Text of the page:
Regular philosophical discussions in class can raise attainment levels among primary school children and are particularly beneficial for disadvantaged youngsters.
Pupils participating in discussions on topics such as truth, fairness and knowledge saw their progress in maths and reading improve by an average of two months, according to new research.
Those from disadvantaged backgrounds saw their reading skills improve by four months, their maths results by three months and their writing ability by two months.
The results were obtained from a study carried out with the participation of 3,159 pupils across 48 schools in the UK, backed by funding from the Education Endowment Foundation.
According to the teachers who took part in the trial, the Philosophy for Children programme also had a positive impact on pupils' confidence, patience and self-esteem.
Educators were given two days of professional training before the year-long programme began and received regular support to help them deliver the lessons.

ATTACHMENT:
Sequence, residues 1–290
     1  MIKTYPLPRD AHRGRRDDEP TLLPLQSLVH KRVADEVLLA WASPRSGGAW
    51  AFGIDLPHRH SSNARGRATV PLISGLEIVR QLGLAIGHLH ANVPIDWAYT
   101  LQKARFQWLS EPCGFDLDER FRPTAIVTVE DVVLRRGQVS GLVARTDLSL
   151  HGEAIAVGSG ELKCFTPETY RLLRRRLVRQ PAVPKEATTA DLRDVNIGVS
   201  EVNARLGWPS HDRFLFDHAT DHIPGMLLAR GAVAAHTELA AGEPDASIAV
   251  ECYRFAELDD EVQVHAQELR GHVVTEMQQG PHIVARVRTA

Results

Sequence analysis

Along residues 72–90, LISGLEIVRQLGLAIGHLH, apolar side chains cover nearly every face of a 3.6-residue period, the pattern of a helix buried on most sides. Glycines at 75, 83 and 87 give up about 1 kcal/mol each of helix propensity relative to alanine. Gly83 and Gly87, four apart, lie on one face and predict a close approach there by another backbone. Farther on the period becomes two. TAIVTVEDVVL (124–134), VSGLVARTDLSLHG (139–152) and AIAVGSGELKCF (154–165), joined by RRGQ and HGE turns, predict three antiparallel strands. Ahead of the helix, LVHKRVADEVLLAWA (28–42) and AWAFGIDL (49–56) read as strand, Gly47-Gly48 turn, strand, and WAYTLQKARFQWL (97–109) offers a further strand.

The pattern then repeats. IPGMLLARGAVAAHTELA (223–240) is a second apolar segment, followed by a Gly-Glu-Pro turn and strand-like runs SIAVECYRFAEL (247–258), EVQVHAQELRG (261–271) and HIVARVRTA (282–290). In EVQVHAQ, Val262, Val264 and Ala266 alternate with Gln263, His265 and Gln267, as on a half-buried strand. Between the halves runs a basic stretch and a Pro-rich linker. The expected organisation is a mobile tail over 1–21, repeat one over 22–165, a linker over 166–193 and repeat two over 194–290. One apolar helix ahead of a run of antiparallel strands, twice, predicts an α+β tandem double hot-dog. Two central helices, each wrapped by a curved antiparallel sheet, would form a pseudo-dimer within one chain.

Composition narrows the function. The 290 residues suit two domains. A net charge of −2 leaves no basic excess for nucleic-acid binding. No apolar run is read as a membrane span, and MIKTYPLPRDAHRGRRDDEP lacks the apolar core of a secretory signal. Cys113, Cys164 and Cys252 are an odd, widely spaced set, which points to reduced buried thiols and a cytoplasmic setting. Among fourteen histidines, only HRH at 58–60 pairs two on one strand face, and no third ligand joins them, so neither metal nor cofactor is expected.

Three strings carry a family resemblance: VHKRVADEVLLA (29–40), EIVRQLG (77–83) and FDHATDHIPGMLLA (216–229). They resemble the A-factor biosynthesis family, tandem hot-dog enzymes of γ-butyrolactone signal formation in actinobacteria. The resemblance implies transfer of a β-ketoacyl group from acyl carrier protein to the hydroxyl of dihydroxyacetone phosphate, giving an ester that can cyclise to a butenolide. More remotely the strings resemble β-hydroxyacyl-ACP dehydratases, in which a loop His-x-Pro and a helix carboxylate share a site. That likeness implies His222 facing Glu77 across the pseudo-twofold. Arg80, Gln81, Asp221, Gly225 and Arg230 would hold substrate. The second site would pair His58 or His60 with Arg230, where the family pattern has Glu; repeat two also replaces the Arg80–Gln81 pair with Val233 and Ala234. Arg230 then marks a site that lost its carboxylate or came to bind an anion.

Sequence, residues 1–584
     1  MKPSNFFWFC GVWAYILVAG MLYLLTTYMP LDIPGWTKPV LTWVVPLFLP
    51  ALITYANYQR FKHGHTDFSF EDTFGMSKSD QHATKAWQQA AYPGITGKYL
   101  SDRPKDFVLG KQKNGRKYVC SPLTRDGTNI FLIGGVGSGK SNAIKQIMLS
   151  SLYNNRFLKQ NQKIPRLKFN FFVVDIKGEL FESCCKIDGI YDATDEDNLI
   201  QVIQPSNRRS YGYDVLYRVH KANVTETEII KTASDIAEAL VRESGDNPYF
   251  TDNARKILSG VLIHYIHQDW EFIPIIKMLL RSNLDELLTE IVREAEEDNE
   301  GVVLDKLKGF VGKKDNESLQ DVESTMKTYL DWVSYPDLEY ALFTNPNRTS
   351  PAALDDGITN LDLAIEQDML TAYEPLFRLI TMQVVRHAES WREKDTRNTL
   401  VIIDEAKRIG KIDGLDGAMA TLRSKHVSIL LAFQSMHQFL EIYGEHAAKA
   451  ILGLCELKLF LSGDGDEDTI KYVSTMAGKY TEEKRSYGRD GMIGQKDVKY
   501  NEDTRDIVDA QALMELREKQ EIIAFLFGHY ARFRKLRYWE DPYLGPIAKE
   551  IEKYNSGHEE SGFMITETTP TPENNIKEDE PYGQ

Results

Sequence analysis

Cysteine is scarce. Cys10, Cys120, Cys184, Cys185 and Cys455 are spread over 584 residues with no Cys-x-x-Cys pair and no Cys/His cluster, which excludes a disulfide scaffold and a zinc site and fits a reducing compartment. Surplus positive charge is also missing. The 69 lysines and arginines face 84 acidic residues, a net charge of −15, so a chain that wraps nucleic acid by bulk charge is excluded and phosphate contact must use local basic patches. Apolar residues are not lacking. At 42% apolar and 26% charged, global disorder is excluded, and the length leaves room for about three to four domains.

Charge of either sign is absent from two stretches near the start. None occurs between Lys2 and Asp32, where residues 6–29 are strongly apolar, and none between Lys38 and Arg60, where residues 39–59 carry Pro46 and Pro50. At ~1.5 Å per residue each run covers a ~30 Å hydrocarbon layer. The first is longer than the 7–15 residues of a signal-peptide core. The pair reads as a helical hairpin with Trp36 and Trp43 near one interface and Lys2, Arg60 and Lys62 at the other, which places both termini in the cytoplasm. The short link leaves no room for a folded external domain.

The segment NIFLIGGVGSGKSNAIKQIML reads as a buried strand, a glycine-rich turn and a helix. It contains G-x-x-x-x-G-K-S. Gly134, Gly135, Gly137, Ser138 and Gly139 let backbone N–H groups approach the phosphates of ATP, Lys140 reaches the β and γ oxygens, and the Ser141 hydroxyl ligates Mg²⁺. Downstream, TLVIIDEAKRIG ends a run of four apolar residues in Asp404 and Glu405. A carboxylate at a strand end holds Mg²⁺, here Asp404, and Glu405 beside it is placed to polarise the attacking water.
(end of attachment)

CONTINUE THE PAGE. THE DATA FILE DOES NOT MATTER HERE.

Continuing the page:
Typical lessons involve pupils sitting together in a circle with the teacher. Pupils are shown a video clip, image or newspaper article with a philosophical dimension to stimulate their interest.
A short period of silence follows before pupils form pairs or small groups to generate questions that interest them. A question with philosophical potential is chosen by the group to stimulate class discussion. This is followed by activities aimed at developing children's skills in reasoning and their understanding of concepts.
As Philosophy for Children only costs around £30 per pupil, it could be effective way for schools to spend their pupil premium and improve outcomes, particularly for those from disadvantaged backgrounds.
Lead researcher Professor Stephen Gorard, from the School of Education at Durham University, said: "Evidence like this is extremely important in identifying what works and what doesn't, and to help headteachers decide how to spend their pupil premium funding for most benefit to their pupils."
Posted by Alan Douglas